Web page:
carry on


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carry on

to behave badly or mischievously. The children always carry on when the teacher's out of the room. Stop carrying on and go to sleep!
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carry on

(about someone or something) to make a great fuss over someone or something; to cry (especially for a long time or uncontrollably) about someone or something. (Note the variation in the examples.) Billy, stop carrying on about your tummy ache like that. The child carried on endlessly when his mother scolded him. When the soldier finally came home, his wife cried and carried on for hours. Calm down. There's no need to carry on so.
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carry on

(to something) to continue on to some place or some time. Please keep reading. Carry on to the next page. Please carry on with your report.
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carry on

(with someone) to flirt with someone; to have a love affair with someone. It looks like Linda is carrying on with James.
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carry on (with something)

to continue doing something. (Compare this with carry something on.) Please carry on with your singing. Tom carried on with his boring speech for twenty minutes.
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carry something on

 
1. to do something over a period of time. (Compare this with carry on (with something.) Do you think you can carry this on for a year? I will carry on this activity for three years if you want.
2. to continue to do something as a tradition. We intend to carry this celebration on as long as the family can gather for the holidays. We will carry on this tradition for decades, in fact.
3. Go to carry something onto something.
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carry on

1. to continue to do or be involved in something Dianne is carrying on the family tradition by becoming a lawyer. It's hard to carry on a business and take care of a small child at the same time.
2. to continue behaving in a particular way You've got to carry on as though nothing happened.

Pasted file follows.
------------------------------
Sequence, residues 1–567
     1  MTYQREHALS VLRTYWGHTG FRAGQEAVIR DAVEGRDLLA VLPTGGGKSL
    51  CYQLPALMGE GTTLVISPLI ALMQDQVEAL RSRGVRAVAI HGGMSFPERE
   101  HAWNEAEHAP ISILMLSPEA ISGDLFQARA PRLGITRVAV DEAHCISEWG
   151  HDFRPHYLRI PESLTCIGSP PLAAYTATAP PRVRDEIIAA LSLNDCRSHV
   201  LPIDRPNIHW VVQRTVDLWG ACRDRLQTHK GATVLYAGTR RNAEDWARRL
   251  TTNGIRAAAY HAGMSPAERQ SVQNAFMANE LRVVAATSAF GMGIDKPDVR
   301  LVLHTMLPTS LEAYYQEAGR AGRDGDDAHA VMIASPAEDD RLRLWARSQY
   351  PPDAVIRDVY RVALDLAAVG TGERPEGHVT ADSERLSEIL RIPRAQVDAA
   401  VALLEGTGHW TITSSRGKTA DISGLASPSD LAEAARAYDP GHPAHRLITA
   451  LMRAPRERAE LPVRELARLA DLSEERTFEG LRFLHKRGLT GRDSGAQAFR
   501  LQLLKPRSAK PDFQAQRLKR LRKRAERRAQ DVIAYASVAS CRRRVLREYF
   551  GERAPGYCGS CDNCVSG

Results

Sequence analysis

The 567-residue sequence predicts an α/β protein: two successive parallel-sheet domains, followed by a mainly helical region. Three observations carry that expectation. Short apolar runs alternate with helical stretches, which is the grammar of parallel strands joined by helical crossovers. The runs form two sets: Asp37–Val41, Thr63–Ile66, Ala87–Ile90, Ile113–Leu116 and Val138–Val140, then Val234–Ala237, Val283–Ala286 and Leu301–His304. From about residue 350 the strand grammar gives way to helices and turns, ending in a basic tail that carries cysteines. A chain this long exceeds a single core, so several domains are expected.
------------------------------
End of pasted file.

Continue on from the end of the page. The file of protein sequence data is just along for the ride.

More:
3. to behave in a manner that is not controlled The kids have been carrying on all day.
4. to continuously complain about something My grandmother carried on about the bad language she hears on TV.
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carry on

1. Maintain, conduct, as in The villagers carried on a thriving trade, or They carried on a torrid love affair. [c. 1600]
2. Continue or progress, persevere, as in I'm sure you can carry on without me. [Mid-1600s]
3. Behave in an excited, improper, or silly manner, as in They laughed and sang and carried on rather noisily. [Early 1800s]
4. Flirt, engage in an illicit love affair, as in She accused her friend of carrying on with her husband. [Early 1900s]
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carry on

v.
1. To continue or resume doing something: After speaking with us briefly, the captain told us to carry on, and we went back to work. Our class is proud to carry on the university's tradition of academic excellence.
2. To maintain something: The cabinetmaker has carried on a thriving business for the past 50 years.
3. To engage in something: Archaeological evidence suggests that the two communities carried on an active trade for centuries.
4. To persevere: Despite protests from our families, we carried on with our plans to marry.
5. To behave in an excited, improper, or silly manner: The bar was full of old friends making toasts and carrying on.
6. carry on about To complain vocally about someone or something: We were all tired of listening to him carrying on about his personal problems.
7. carry on with To flirt with someone: The maids gossiped that the lady of the house had been carrying on with the gardener.
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